“She will take the time and patience to sit down with students and have frank discussions about complex academic topics ranging from political philosophy to the modern pharmaceutical industry, and beyond. By the end of a class or meeting you will leave feeling confident, focused, and having learned 50 odd things which are all extremely salient and insightful.”
Noel also took courses in history, sociology and social anthropology, and contemporary studies while completing his arts degree, and he believes that his experiences in all of these classes with a variety of instructors positively impacted his overall experience at Dalhousie. Still, he says he considers himself a political science student through and through.
Noel feels fortunate to have learned from many great minds at Dal. He says he’s been particularly impacted by the support he received from Larissa Atkinson of Political Science and Robin Oakley of Sociology and Social Anthropology. “Both of these amazing instructors impacted my experience in similar ways. As someone lacking confidence in my academic abilities, their time to provide critical feedback and to discuss course and life topics in support of my work was something so special.”
Beyond the classroom
He expanded his political science learning beyond the classroom by getting involved with the Dalhousie Undergraduate Political Science Society and by taking part in the 2019 European Union Tour through the Jean Monnet European Union Centre of Excellence.
Noel was part of a group of 40 students from across Canada and the United States who spent three and a half weeks traveling Western Europe, learning about the European Union from academic experts and EU employees, and immersing themselves in the study of politics in Europe. He adds that his participation in this study tour was probably the highlight of his undergraduate experience at Dal.
Noel notes that the utility of a degree in political science is that the skills, knowledge, and connections he’s made can help propel him into any career path. He currently foresees himself in a career with the government or a think tank as a policy analyst or researcher. He wants to keep his options open in an increasingly volatile job market and to leverage his different skills, connections and interests in order to be competitive in other fields.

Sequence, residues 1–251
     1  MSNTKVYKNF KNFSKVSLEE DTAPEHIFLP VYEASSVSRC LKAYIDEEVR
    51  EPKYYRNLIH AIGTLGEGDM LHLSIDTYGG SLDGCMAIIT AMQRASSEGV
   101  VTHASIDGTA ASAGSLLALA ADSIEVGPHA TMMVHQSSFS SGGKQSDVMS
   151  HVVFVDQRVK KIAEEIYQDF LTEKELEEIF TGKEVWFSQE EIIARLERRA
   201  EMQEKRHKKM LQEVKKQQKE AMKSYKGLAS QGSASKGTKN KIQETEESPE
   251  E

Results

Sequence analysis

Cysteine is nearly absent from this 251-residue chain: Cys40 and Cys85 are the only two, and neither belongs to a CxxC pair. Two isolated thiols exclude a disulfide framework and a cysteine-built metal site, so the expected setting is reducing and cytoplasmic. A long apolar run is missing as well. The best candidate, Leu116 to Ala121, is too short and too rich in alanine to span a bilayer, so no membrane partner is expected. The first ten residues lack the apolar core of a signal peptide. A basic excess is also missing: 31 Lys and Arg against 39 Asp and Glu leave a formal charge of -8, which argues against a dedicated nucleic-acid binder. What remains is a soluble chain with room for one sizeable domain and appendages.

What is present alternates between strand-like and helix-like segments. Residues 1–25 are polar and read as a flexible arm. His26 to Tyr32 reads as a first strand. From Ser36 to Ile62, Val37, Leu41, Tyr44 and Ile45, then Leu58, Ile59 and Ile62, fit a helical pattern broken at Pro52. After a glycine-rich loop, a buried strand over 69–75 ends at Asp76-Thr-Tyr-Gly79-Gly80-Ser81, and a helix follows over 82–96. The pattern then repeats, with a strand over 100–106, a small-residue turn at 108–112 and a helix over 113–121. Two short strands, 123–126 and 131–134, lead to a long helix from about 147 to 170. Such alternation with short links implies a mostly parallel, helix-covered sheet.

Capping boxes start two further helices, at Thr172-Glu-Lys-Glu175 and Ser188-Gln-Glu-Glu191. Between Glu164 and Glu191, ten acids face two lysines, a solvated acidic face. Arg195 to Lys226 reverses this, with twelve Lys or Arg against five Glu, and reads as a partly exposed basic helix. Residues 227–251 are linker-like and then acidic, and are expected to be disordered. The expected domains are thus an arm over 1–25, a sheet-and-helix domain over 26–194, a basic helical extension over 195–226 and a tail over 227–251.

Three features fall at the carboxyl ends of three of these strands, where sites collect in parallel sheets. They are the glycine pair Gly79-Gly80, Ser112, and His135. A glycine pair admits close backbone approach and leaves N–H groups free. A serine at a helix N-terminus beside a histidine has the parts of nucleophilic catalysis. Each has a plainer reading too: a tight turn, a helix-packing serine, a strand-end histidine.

Noel’s experience in the armed forces combined with his deep interest in political science and his reviews of recent media reports inspired him to continue his studies in military health care and pursue a MA in political science, which he will begin at Dal in fall 2020, funded by a graduate scholarship that he’s been awarded by the Social Sciences and Humanities Research Council (SSHRC). His master’s research will investigate the current organization and operation of the Canadian military’s health care system in order to identify political obstacles to the delivery of care in Canada.
The next chapter
Noel adds that winning a SSHRC graduate scholarship means the world to him. It is a culmination of everything he’s worked so hard to achieve and proves the importance of his research interests. It’s also a result of the support from his friends and family. He is relieved to be able to go to graduate school to pursue another new chapter in his professional career and further his research without having to take out another student loan.
He is looking forward to spending the summer working full-time as a research assistant with the Dalhousie Food Policy Lab in the School of Health Administration, and hanging out with his fiancée, Madeleine, and his cat, Chava, before beginning his graduate studies.
“I have spent nine years getting one undergraduate degree. Nine years of failure, adaptation, growth, and success. Nine years of holding onto my passion for politics and figuring things out. It was worth the wait. And I am so happy to be starting my next chapter as a graduate student here at Dalhousie.”